Cheesemakers curdle unpasteurized cow’s milk with rennet before separating and placing it in molds. Once in the molds, they drain the whey, and press the curds. They sit the molds in a salt bath for 24 hours before transferring them to an aging room, washing them, and leaving them to age for a minimum of six months.

  • Milk type: Cow
  • Country of origin: Southern Switzerland and Eastern France
  • Flavor profile: Rich, creamy, and salty
  • Food pairings: Hams and Italian meats
  • Drink pairings: Champagne
  • Age: Gruyère ages for a minimum of 6 months


Gouda - Semi Hard Cheese

Gouda cheese dates back as early as the 12th century and gets its name from a town in the Western Netherlands. It is a long-lasting cheese with low moisture content and a rind treated with saffron-infused vinegar.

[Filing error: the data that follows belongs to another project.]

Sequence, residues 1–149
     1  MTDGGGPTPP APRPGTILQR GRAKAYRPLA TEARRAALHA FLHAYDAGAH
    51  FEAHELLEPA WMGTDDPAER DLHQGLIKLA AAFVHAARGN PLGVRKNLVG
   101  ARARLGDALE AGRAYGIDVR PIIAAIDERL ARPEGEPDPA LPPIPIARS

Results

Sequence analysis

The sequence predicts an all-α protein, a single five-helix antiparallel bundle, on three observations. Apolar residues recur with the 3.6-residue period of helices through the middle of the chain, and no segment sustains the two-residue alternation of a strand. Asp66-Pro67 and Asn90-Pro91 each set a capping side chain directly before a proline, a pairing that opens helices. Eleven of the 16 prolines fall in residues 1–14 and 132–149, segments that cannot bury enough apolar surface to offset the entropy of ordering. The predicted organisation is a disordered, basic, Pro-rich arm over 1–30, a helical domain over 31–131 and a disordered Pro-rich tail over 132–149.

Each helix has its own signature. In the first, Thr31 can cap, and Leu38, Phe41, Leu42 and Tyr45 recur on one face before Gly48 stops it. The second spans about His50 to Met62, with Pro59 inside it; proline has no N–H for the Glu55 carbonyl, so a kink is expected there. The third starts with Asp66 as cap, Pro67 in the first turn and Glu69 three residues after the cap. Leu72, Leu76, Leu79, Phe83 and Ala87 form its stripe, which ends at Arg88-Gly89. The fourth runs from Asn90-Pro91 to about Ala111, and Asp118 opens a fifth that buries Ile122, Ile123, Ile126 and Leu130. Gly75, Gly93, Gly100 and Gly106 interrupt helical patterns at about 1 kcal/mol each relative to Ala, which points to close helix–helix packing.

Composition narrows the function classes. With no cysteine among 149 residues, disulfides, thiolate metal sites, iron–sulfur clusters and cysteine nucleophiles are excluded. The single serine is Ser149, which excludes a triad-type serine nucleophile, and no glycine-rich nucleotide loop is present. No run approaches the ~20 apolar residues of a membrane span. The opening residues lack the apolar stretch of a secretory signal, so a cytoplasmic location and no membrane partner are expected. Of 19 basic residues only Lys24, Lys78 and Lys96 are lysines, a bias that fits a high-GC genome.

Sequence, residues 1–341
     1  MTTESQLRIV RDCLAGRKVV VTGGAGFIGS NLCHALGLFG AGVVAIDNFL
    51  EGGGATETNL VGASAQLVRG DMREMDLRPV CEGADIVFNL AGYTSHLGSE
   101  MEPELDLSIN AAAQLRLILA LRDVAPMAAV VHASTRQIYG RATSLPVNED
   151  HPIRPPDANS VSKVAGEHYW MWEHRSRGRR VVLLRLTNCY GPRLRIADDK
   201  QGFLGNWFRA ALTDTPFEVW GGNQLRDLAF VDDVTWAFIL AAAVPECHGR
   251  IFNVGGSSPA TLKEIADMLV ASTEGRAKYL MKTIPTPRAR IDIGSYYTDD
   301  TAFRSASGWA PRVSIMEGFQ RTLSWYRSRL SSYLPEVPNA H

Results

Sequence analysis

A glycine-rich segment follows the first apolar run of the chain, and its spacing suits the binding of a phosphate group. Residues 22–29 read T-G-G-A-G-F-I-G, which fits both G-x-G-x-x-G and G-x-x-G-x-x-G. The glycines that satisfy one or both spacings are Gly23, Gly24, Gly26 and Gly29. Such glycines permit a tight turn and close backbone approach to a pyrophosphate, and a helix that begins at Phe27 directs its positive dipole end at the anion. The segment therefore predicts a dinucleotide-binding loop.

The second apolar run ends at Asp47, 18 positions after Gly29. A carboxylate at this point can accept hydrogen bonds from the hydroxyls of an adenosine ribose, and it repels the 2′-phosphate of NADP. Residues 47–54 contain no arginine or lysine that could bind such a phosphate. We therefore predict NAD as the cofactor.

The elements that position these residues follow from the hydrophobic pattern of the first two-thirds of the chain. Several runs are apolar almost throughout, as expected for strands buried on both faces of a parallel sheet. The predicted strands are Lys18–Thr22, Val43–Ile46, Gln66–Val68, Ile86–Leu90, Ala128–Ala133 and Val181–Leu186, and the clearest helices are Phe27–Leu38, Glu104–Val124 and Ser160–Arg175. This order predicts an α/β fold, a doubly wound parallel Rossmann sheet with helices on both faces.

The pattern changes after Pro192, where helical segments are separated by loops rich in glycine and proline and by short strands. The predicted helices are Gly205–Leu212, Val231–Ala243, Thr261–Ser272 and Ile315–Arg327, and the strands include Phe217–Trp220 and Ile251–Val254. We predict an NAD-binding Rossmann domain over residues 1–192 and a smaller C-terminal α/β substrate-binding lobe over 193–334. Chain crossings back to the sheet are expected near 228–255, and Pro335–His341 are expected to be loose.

Dutch cheesemaking factories heat pasteurized milk and add it to cultures and rennet, which thickens the milk. They cut the curds and scald them with hot water to help extract unwanted moisture before hooping and pressing it to reduce the moisture further. 

The factories then place the Gouda wheel in salt brine and coat it in wax to give the cheese its characteristic exterior. The wheels then age for a month to five years.

  • Milk type: Cow
  • Country of origin: Netherlands
  • Flavor profile: Rich, nutty and caramelly
  • Food pairings: Fruit and crackers
  • Drink pairings: Champagne
  • How age: Gouda ages for 1 month to 5 years.


Edam - Semi Hard Cheese

Edam cheese usually comes packaged in red wax and, like gouda, comes from the Netherlands. Its mild, salty, and nutty flavor increases with aging and goes well with fruits and crackers. 

Cheesemakers originally made edam from whole cow’s milk, but nowadays, they make it with part-skim milk. They heat the part-skimmed milk and add cultures and rennet to coagulate the curd. Once this process is complete, they cut and stir the curd to reduce as much moisture as possible.